With future growth in quantity and quality of ESG data, more interesting factors could be included in quantitative credit-rating models.
2.3 Analyzing the Database
We have been somewhat disappointed by the availability of data for ESG factors. For example the employee turnover is regarded as an important social factor. (McCormick 2017) But the data coverage for our 565 selected industrial companies has been far too low to be considered in further calculations. As mentioned previously, we required a coverage of at least 80% of our 565 preselected industrial companies. For 21 credit ratios and ESG factors we found sufficient data (Table 1). For every ratio we calculated the mean for companies with good credit quality and for the companies with poor credit quality. The means offer a first impression of whether a hypothesis such as “the higher the cash from operation to total debt, the better the credit quality” is correct.
As a next step we identified outliers for every ratio. If a number was more than three standard deviations from the mean, we labeled it as an extreme outlier, and if it was more than two standard deviations, as an outlier. We first deleted the extreme outliers and then the outliers to analyze the stability of the means for every ratio. This procedure did not change the direction of the relationships; only the difference between the means deteriorated somewhat.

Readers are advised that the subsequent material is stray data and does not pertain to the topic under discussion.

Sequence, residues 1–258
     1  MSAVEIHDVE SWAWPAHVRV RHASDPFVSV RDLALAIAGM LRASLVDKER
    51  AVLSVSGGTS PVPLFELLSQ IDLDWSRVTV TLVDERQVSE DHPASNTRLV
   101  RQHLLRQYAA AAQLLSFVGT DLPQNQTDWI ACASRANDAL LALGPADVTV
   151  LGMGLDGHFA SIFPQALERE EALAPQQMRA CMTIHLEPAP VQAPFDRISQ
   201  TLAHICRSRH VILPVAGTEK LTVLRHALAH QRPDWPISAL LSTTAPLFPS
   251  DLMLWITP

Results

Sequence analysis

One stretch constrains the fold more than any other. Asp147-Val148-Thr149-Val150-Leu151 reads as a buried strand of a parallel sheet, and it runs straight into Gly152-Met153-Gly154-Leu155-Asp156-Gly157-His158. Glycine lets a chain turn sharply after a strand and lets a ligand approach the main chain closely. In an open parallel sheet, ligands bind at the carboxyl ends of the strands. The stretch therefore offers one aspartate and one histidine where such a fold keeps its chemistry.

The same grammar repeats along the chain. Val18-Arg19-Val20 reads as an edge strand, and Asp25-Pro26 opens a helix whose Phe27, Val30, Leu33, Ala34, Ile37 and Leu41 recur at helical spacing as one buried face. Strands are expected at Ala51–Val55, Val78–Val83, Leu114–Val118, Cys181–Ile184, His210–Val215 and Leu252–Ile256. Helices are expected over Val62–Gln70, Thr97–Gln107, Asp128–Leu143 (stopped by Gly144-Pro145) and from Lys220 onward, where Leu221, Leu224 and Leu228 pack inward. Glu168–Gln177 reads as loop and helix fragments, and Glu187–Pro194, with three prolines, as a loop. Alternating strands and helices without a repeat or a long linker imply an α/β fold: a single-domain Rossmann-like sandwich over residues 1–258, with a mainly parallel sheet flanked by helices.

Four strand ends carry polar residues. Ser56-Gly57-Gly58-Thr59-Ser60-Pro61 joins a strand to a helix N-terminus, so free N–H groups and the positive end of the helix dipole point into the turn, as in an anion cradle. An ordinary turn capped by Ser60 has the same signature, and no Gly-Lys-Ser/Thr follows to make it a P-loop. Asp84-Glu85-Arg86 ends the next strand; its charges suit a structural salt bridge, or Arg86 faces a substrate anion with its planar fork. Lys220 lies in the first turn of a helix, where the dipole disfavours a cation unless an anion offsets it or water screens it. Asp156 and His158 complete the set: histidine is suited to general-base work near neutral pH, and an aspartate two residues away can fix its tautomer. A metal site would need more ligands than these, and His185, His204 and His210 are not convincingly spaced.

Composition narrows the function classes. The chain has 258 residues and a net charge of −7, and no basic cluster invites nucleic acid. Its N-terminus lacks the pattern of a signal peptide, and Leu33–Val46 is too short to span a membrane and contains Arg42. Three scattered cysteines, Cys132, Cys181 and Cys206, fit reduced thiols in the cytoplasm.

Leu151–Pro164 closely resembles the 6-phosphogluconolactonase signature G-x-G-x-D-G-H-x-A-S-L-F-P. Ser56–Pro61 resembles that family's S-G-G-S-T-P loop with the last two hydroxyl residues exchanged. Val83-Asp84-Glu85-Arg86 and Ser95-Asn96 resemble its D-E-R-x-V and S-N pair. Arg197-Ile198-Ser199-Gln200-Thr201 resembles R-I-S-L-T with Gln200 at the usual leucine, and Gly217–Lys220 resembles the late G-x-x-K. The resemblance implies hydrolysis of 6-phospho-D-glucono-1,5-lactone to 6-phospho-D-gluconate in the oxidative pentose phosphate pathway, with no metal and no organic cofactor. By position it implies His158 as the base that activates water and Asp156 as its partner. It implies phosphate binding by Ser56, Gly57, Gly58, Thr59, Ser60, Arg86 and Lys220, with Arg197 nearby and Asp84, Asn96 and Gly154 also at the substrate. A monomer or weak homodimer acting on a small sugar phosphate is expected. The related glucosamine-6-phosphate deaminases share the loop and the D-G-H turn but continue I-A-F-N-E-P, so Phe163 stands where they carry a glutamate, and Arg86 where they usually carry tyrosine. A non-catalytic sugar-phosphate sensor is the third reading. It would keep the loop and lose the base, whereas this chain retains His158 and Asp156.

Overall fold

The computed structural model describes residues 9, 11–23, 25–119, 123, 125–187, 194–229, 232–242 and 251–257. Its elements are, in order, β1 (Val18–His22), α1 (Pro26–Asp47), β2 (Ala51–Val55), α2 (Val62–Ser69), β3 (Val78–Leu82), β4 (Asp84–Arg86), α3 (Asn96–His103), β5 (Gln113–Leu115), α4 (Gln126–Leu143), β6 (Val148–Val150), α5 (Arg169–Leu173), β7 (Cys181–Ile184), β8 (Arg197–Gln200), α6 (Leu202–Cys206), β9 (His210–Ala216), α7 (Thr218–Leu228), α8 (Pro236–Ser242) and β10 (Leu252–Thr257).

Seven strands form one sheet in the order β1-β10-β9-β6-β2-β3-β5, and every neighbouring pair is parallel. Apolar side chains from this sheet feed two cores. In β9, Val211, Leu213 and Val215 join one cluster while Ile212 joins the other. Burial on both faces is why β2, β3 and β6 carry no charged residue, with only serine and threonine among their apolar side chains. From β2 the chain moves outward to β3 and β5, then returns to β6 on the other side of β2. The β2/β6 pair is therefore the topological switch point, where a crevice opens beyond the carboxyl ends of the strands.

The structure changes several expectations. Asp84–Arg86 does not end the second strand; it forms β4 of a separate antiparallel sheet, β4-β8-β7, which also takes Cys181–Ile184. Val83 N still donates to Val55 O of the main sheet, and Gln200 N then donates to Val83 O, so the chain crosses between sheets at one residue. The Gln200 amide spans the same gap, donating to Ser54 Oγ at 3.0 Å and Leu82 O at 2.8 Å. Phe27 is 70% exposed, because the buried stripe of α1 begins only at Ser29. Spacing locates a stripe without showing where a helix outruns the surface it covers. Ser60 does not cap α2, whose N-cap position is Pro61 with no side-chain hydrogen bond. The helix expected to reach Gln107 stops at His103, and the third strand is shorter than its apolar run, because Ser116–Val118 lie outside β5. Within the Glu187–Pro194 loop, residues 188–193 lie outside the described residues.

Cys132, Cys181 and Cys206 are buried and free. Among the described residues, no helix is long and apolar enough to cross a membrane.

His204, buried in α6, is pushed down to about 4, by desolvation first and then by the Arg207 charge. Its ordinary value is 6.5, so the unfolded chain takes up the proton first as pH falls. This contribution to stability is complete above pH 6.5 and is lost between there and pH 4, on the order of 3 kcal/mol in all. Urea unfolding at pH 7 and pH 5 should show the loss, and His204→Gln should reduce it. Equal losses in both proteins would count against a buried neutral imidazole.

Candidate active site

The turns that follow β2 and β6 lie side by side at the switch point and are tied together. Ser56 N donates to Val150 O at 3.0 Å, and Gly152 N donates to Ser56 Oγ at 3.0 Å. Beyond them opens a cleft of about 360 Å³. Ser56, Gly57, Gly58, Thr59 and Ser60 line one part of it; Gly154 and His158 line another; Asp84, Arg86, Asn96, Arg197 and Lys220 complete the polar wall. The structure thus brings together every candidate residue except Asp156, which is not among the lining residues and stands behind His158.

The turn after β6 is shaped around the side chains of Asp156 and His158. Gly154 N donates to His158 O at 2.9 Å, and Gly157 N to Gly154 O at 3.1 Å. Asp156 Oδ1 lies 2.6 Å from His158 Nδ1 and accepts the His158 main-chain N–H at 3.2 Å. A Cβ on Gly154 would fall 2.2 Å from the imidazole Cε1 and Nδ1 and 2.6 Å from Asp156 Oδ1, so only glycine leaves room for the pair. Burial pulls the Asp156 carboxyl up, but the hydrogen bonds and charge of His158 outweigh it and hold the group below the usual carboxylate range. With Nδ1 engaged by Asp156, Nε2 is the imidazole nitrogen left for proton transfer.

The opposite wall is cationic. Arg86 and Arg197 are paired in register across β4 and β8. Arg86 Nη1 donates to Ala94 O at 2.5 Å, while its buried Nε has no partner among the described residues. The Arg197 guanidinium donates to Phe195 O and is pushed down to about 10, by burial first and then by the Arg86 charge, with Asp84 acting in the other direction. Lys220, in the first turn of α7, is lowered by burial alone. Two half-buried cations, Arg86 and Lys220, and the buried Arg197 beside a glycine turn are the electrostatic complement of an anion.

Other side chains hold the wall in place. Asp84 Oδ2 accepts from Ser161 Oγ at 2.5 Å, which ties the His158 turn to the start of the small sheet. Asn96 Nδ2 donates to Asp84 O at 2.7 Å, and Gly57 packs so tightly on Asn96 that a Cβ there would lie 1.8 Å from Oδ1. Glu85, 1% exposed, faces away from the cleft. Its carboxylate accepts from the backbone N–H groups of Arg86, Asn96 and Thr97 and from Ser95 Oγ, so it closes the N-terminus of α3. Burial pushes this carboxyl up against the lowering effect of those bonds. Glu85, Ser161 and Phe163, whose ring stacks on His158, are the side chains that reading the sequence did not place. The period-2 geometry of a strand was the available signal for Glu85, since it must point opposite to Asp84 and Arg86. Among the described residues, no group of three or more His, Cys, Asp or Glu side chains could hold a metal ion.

Table 1: Means Corrected for Different Levels of Outliers
Source: Bloomberg, MSCI ESG, and author’s own calculations.
Generally, all ratios and factors selected in a discriminant function have to show only moderate correlations in order to avoid multi-collinearity problems known from regression analysis (Baetge 1980). In cases of high collinearity, a function with high R² and a significant F value can include coefficients that are individually statistically insignificant ((Table 2). This can lead to the unwanted effect that the estimated coefficients and their standard errors become sensitive to small changes in the data (Gujarati 2003). Furthermore, multi-collinearity can lead to wrong signs of the coefficients (Baetge 1980). This can make the functions less reliable, and it reduces their forecasting power.
Table 2: Correlations between the Selected Credit Ratios and ESG Factors
Source: Bloomberg, MSCI ESG, and author’s own calculations.
2.4 Calculating the Discriminant Function